Honda confusion over F1 engine development tokens

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Due to the Royal cock-up by Charlie Whiting and Jo Baur – who are responsible for drafting the FIA regulations for Formula One – this season the engine manufacturers can develop the designs of their power units and implement new ones during the season.

Honda have been allowed some development opportunities for their engine too, despite the fact that in their first year of producing the new V6 Hybrid engines, the other manufacturers designs were locked in for the year.

Contrary to many people’s belief, Mercedes went flat out developing their engine over the winter and consequently have just 7 development tokens left for during the season.

Renault were left with the most tokens, 12, Ferrari have 10 and Honda were awarded 9 – based on the average number of unused tokens of the other manufacturers.

Honda have to plan carefully how to deploy their tokens, given at present their engine is behind the rest. The boss of Honda Motosport – Yasuhisa Arai – is candid about the Japanese company’s current position.

“We don’t have the complete plan yet as to how to use the tokens, which areas and when,” said Arai.

“We have already confirmed which areas are the most effective, and I know we are making a plan to apply race-by-race how many tokens we spend”.

Arai could be forgiven for being unable to distinguish the difference between engine token development changes – and the plethora of alterations the engine suppliers make from race to race under the FIA exemptions for improving ‘reliability and cost saving.’

However, Honda cannot deploy tokens ‘race-by-race’ because design token deployment constitutes a ‘new’ engine for the driver. Drivers have but four engines to use this year, before taking big grid drop penalties.

So for a driver to stay outside the engine count penalties, each manufacturer has just 3 windows of opportunity to introduce their new engine designs and these are when the driver moves on to his next new power unit.

Arai reveals the areas for Honda focus. “One area where we are weak is horsepower – we need more horsepower. So one area to use the tokens is combustion, and the MGU-K and MGU-H because energy is a very important part.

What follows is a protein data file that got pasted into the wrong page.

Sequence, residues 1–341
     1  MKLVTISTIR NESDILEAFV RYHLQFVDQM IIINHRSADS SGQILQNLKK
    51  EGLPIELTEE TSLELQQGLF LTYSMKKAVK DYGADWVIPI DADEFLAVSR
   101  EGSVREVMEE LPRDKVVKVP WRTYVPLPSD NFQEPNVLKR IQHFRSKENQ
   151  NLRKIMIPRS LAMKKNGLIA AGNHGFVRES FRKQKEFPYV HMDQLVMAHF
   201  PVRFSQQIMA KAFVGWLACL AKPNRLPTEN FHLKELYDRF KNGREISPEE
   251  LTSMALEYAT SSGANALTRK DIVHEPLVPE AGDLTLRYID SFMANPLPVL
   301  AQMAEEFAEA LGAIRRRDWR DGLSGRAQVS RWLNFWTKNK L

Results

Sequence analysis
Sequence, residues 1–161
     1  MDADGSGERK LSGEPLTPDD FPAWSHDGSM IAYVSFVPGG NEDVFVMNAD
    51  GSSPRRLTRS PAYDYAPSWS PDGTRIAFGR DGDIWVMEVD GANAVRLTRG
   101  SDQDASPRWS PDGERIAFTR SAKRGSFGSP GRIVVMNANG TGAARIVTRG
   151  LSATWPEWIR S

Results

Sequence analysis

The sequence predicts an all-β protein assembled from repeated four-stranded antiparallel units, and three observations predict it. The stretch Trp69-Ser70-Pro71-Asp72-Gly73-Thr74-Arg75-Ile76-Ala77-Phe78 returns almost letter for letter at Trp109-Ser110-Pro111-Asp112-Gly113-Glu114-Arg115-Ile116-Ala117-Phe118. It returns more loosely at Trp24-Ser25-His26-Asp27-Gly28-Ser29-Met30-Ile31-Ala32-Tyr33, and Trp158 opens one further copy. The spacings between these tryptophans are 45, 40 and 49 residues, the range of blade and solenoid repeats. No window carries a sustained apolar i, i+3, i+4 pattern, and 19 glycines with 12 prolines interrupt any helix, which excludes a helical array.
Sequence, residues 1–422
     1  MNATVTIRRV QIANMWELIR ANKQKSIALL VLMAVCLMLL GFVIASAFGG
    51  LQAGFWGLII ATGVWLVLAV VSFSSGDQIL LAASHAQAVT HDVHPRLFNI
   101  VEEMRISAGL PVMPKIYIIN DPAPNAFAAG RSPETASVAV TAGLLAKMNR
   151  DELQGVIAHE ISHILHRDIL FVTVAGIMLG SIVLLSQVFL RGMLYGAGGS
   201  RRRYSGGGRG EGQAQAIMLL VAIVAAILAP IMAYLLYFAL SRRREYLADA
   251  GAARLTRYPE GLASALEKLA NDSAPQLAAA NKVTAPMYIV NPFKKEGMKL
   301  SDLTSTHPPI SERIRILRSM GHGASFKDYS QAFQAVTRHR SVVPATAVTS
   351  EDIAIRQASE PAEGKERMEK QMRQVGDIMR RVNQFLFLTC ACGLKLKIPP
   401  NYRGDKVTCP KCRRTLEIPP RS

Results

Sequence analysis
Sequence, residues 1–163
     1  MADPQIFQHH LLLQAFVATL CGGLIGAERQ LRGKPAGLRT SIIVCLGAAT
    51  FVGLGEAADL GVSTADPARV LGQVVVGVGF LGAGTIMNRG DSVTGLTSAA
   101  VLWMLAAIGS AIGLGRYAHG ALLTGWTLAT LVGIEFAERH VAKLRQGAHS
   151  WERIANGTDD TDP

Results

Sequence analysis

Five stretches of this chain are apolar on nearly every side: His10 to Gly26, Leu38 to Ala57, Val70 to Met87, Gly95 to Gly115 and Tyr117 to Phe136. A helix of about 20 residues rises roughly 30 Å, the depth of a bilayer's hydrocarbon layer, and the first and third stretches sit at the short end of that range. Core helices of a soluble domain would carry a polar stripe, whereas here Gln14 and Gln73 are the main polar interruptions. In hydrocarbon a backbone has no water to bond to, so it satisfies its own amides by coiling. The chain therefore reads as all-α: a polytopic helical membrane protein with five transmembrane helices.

“Combustion and energy recovery systems are very important.”

Despite the FIA’s best intentions to keep the F1 engine designers focused on the ERS aspects – and away from the ICE – Honda is candid about where these changes will come.

“Maybe we need to change the combustion concept, or the turbocharger, or the camshaft, those kind of parts.

“We should try to change the combustion concept because maybe the other power-unit suppliers are always thinking about better combustion characteristics.

“Every day, on the research and development side they are thinking about it, working on or testing a new combustion concept to get more horsepower to immediately apply that.

“Maybe that’s the area to use the tokens.”

Jenson Button described the first 30 laps the recent Spanish GP as the ‘scariest’ he could ever remember. Arai promises better driveability to Alonso and Button in the forthcoming races in Monaco and Canada.

This season is fast becoming one big one big series of development programme for the re-united McHonda partnership, though at the recent test in Barcelona there were signs of encouragement. Jenson Button clocked up 100 laps on Wednesday and declared a marked improvement form the car he raced at the weekend.

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8 responses to “Honda confusion over F1 engine development tokens

  1. “Maybe we need to change the combustion concept, or the turbocharger, or the camshaft, those kind of parts.

    “We should try to change the combustion concept because maybe the other power-unit suppliers are always thinking about better combustion characteristics.

    “Every day, on the research and development side they are thinking about it, working on or testing a new combustion concept to get more horsepower to immediately apply that.

    “Maybe that’s the area to use the tokens.”

    Maybe this, maybe that…..Essentially Honda have no clear idea of what the hell they are doing and how to get things moving forward.

    /facepalm

    • My thoughts exactly.

      Having said that though, at least they’re very open about it, so maybe the other manufacturers (especially Renault) were/are also a case of headless chickens, we just don’t know it…yet!

  2. I have some idea of what it takes to design and build these kind of parts and his hesitancy to spend tokens is understandable. That said, to admit this to the press is either a gaffe or a try to confuse the competition by painting themselves as not really understanding what they are doing.
    My take – we’ll know by Spa weather they actually have something for this season. If by then there’s nothing but reliability “upgrades”, then the performance bits may not come until 2016.

    P.S. they need more power for the MGUK? For all the rest it’s fine, but the K is capped at 120kW, how can you want/expect more?

  3. Even with starting a year late and having the chance to look at what the others have done, they’re still not sure what to do.

    If this venture continues to fail, the blood letting at Honda maybe worse than what we saw at Ferrari.

  4. I rather think that JB said that those 30 laps were the “scariest” not the “cariest”, but the latter does add a certain air of pathos appropriate to the situation 🙂

  5. Very Japanese, typically inscrutable. Japanese culture does not use the concept of a hard NO, in answer to a question. It would be considered quite rude, even for younger people. So he is being polite in answering the question in this manner. Also, English as a second language.

  6. Grid penalties for new engines only matter if you’re not at the back of the grid.

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